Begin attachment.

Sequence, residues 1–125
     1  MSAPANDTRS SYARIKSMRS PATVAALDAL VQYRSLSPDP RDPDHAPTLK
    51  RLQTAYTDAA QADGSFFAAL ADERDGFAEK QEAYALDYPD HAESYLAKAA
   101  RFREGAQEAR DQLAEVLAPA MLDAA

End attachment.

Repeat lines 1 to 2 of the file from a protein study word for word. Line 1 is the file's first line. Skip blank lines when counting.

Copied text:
Sequence, residues 1–125
     1  MSAPANDTRS SYARIKSMRS PATVAALDAL VQYRSLSPDP RDPDHAPTLK